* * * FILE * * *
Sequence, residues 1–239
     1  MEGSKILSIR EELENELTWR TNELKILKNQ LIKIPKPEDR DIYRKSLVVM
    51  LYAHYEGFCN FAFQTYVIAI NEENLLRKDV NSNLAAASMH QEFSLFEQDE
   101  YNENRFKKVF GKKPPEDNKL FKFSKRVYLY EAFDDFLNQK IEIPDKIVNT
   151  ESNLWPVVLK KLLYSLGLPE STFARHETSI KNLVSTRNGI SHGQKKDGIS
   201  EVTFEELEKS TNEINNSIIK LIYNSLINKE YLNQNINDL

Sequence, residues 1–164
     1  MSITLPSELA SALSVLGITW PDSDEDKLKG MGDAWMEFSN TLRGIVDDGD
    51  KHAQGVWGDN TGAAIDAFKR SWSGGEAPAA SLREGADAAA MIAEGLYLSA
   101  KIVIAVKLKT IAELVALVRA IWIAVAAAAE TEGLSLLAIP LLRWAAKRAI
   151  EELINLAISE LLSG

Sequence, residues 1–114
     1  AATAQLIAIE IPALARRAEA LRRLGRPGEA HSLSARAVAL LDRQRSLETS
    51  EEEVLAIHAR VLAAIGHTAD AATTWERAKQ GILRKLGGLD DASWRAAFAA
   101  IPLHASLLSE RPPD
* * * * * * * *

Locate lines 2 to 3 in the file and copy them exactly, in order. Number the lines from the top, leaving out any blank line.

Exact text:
     1  MEGSKILSIR EELENELTWR TNELKILKNQ LIKIPKPEDR DIYRKSLVVM
    51  LYAHYEGFCN FAFQTYVIAI NEENLLRKDV NSNLAAASMH QEFSLFEQDE